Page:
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andreidascalu profile image
Andrei Dascalu • Edited

I'm not quite sure I understand what Kool brings on top of Docker compose (which is already included within Docker binary).

Instead of specifying Kool global network as external I can specify my own whatever network. As long as it's named, it doesn't matter whether it is external or not, it will just get created by whichever app is up first and the next will join it.

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fabriciojs profile image
Fabrício José Souza Author

Hello Andrei! - What Kool brings to the table is a take on how dockerized local dev environments should work, trying to solve common usability issues along the way. We understand Docker as a great containers management tool, while we aim to make Kool a great Local environment management tool - leveraging Docker and containers for that, of course, but making the DX (developer experience) better for dev envs.

If you have a few minutes, please take a look at this previous article where we explanined more about the ideas behind Kool.

Now back to this use case here - yes, we could use a named network whithin docker-compose.yml so it doesn't need to be external per say. Kool uses an external network, which is created/managed by Kool CLI. The main advantage of this approach is to seamlessly also share it with possible one-off containers you may wanna run (using kool docker) - as we wanna leave it for kool to handle the networks, so the developer doesn't need to worry at this moment with the nuances of Docker Compose networking, but still achieve the desired/expected behaviour. As mentioned in the article, this is something that comes out of the box with the Presets we ship.

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andreidascalu profile image
Andrei Dascalu

Well, I did, but the previous article seems like the classic marketing/SEO article that provides a lot of unspecific claims. Like "It simplifies the way you use Docker in your local environment by removing the Docker "speed bumps" that slow you down" - the only benefit listed for Kool CLI, without providing examples.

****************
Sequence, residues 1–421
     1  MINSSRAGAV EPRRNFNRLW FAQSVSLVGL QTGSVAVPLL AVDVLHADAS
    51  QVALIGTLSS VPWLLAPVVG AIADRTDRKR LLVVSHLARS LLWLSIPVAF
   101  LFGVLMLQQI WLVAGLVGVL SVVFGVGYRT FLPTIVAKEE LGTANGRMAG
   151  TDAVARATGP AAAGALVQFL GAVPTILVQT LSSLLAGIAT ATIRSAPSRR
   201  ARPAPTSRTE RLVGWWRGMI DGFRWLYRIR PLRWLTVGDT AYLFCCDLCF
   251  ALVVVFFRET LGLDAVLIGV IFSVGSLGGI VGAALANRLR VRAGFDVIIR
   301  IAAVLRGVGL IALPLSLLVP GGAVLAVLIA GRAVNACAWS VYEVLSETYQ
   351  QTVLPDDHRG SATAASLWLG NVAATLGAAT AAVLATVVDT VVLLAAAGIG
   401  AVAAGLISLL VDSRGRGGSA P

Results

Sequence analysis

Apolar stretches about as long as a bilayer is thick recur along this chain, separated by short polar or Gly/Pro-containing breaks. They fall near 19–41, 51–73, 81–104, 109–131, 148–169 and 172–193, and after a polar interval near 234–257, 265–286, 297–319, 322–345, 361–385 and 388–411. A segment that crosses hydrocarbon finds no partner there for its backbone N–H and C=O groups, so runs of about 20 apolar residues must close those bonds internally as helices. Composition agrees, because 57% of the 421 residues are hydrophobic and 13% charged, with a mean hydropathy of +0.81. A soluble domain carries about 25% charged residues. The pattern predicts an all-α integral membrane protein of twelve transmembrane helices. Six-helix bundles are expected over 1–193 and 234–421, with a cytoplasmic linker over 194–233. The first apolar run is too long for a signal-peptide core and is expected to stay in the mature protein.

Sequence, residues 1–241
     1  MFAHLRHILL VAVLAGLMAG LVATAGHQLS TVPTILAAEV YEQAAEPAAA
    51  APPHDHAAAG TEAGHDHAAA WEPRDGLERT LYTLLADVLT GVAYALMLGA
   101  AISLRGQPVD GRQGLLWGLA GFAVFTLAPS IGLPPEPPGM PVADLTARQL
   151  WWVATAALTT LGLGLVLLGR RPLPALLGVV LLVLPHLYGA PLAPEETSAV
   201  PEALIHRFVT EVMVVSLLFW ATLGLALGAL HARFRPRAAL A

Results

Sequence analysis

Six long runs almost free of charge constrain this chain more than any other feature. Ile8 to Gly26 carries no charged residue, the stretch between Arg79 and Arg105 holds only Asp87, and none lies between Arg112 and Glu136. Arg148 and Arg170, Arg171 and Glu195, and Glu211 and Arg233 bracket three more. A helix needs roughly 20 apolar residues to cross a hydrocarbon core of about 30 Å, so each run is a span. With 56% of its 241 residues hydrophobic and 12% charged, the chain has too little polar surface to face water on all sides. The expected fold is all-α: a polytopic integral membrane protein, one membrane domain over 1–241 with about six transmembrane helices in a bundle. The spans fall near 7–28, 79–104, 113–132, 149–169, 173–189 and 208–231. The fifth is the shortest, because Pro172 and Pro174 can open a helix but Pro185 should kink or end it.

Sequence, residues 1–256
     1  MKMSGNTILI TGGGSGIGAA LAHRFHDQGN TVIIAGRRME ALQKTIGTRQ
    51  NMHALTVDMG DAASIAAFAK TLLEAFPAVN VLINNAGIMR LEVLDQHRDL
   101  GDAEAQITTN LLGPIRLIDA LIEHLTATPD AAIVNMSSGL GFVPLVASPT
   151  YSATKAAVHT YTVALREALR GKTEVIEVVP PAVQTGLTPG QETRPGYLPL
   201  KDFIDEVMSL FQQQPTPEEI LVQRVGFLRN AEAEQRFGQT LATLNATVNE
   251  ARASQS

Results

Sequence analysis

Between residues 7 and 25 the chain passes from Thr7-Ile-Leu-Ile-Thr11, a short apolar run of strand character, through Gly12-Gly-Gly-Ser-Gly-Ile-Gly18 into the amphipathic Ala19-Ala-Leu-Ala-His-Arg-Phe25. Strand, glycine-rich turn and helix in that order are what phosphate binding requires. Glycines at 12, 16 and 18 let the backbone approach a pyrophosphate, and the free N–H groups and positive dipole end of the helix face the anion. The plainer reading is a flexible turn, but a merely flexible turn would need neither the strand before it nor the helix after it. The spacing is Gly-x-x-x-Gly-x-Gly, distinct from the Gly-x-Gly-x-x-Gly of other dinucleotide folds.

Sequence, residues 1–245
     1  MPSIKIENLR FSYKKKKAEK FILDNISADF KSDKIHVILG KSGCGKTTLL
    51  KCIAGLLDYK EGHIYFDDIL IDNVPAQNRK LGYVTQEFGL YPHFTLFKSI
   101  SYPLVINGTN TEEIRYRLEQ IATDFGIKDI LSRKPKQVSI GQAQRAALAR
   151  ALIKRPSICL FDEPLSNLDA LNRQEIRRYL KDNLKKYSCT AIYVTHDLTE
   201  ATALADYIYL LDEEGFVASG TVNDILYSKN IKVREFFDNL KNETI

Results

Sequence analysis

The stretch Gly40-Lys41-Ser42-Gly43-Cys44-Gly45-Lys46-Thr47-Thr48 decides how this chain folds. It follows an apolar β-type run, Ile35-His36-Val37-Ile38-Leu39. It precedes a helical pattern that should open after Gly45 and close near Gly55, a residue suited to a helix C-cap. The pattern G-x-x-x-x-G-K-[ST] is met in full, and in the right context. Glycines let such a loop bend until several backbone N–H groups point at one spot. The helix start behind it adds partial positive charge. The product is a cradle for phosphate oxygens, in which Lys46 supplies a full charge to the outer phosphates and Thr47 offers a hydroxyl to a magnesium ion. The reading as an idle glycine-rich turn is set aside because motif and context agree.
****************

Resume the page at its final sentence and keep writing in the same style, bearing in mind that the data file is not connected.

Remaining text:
Optimised images was my only meaningful takeaway, in that it's always good to have another choice. So far I've used Bitnami images as they have a long proven expertise in production optimised configs for lots of common software.
Other than that it's a lot of nice and unspecific things with respect to what exactly Kool brings on top of plain compose (beyond a little CLI sugar, though it's not clear whether it really warrants another tool that's a wrapper around a standard tool)

Thread Thread
fabriciojs profile image
Fabrício José Souza Author • Edited

Thank you for your input (and time!) looking at the previous article, @andreidascalu ! This kind of feedback is especially useful for improving how we present in the future.

Your point seems to focus on Kool CLI as a simple "replacement" for Docker/Docker Compose CLI tools - with the recognized CLI sugar. It's important to take a comprehensive look at what the Kool project offers:

  • Custom Docker images, as you mentioned. We aim to optimize for development and production usage.
  • Presets - pre-configured Docker environments for popular frameworks.
  • Scripts - kool.yml for standardization of tasks related to dev environment paired with kool run for running them.
  • Charts for K8S deployment.
  • Kool CLI - is the tool that brings it all together, and allows us to offer more features and the desired better DX through the CLI sugar!
    • kool create - to get a new app environment with one command (from our presets).
    • kool share - to create a live URL for your local environment.
    • Sugar: kool start/kool stop/kool status with more fluent interfaces for what an environment is, not an inert group of containers is.
    • Sugar: kool exec/kool run without the need to worry about docker TTY allocation whether running locally or in a CI environment.

It's important to make clear we don't intend to be a full replacement to docker compose by any means, we just recreate the necessary commands we find useful for a better developer experience. All the rest stays where it belongs and is always reachable - you can always keep using docker compose with an application using Kool Preset configs if you don't like the sugar!

Many developers should be familiar with the usual custom Bash scripts with helpers created for each dockerized project they have worked, and we hope - like us - they are not a big fan of that. Kool's standard UX/DX across projects we hope will be seen as valuable to others, just like it currently is to us! I can't say this enough - Docker is great for managing containers, but all the time new people realize something is missing, a gap for using it effectively for local development. We are in the missing to help with that!

Having said all this - we know we have a long road ahead, with many features to add - then perhaps at some point it could change your view as to kool CLI adoption - i.e more presets and images for different stacks (community actively working on this); kool cloud command for K8S deployment (soon); kool doctor for guaranteeing Docker environment setup is correct (soon).

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luciocalazaes profile image
Lucio Calazaes

Niceeee .. I'm beginner.. however it seems very simple to use.